Some women have been offended by that last line. "She began to serve them." Humph! A woman stuck in a stereotypical servant-role. Humph!
But it wasn't like that. Not at all! She had guests in her home. Andrew was there -- and James and John. She wanted to take care of them. She wanted to be a good hostess. She wanted them to enjoy their visit to her home, but she couldn't get up from her sickbed. All of us --women and men alike-- have experienced that kind of helplessness. We HATE to be helpless when we would like to be DOING something. It's a terrible feeling.
So Simon's mother was sick and helpless until Jesus helped her. Then she was able to get up and take care of the chores that she desperately wanted to do. Hurray! Thank God!
The disciples brought other sick people to Jesus, and he healed them too. But then:
"In the morning, while it was still very dark,(Jesus) got up and went out to a deserted place, and there he prayed" (v. 35).
He went to a deserted place and prayed. Jesus had been burning spiritual energy at a mile-a-minute pace. He had only recently returned from the wilderness, where he had endured Satan's temptation (1:12-13). He had only recently called his first four disciples (1:16-20). He had only recently healed a man with an unclean spirit (1:21-28). And then there was Simon's mother-in-law -- and people from all over the city gathered at his door (1:32-34). He must have been exhausted -- not just physically, but spiritually as well. Yes, he was divine, but he was human too. He needed to renew his strength, so he went to a deserted place where he could pray.
If Jesus needed to go to a deserted place to pray, what about you? Do you ever get exhausted? Do you ever get stretched to the limits -- beyond the limits -- stretched to the breaking point? What do you do when that happens?
Sometimes we go ballistic. I saw a woman with a small child in a supermarket. The little girl was sitting in the seat at the back of the shopping cart, and her mother was SCREAMING at her. That mother had gone completely around the bend.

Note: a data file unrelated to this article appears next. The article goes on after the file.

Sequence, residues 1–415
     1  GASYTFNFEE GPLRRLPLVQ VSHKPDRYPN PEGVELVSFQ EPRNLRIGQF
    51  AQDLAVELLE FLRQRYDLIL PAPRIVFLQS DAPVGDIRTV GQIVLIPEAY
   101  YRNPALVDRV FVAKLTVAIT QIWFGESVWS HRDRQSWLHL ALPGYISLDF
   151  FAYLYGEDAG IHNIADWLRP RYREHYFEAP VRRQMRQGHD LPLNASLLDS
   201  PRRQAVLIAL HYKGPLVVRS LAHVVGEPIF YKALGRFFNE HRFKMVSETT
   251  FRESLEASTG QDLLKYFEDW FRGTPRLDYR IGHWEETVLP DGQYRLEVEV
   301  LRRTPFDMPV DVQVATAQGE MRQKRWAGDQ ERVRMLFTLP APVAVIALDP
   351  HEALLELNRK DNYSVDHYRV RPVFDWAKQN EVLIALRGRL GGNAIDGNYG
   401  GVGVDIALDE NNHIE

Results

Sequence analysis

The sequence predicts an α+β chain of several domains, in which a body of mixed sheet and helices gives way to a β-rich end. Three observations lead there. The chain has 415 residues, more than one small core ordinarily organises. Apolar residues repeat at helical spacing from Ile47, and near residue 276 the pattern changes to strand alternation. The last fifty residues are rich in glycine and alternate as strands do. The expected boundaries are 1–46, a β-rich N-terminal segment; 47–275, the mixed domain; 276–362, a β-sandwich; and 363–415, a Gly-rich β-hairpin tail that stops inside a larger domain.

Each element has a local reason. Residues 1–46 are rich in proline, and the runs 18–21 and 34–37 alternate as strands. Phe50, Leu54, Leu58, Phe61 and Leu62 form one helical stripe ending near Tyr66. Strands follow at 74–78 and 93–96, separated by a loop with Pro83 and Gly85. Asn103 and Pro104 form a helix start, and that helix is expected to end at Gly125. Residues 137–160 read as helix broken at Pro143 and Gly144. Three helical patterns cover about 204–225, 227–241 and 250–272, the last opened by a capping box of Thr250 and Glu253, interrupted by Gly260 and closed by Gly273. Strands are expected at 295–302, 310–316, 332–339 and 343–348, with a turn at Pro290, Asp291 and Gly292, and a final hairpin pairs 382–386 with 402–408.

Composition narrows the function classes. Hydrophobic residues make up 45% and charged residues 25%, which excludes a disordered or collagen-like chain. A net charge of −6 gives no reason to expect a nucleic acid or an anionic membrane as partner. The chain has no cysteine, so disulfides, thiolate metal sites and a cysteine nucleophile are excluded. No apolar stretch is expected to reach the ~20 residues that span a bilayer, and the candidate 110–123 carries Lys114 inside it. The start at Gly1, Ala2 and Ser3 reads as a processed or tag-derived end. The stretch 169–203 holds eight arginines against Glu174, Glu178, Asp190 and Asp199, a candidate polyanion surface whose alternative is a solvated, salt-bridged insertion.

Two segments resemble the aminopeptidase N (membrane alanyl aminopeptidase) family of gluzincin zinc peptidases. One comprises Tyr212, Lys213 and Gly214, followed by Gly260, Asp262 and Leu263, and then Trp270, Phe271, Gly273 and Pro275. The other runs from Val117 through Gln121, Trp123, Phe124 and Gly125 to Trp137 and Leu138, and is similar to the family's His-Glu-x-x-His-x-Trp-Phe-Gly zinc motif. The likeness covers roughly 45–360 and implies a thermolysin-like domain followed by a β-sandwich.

Later, I told a friend about that mother. I was pretty critical. How dare she scream at her child! But then I thought about myself and my grandchildren:
"If you're ever going to lose it, you'll lose it in a supermarket or some place else where little children are. Children fuss and squirm and grab things. They want everything. They whine! I'm not really surprised that she lost it in a supermarket."
So I stood corrected! I have to admit that I understand. I have felt the tension and have lost it myself.
Are there any alternatives to losing it in a supermarket? There are, of course. They aren't necessarily easy, but they are better.
Jesus went away to a deserted place where he could pray. Wouldn't you mothers and fathers love to go away to a deserted place where you could pray! Wouldn't that be wonderful! But most of the time, that isn't possible.
But we can take a deep breath and will ourselves to relax. We can put ourselves in God's hands. We can say, "Help me, Jesus! Calm me, Lord!" We don't have to close our eyes to pray like that. We can watch to see that our child doesn't fall out of the shopping cart while we pray, "Help me, Jesus! Calm, me, Lord!" It might not seem likely that Jesus would answer a little prayer like that. It might not seem possible that he would help us in the midst of our supermarket crisis -- but he will. Invite him to help you -- to calm you.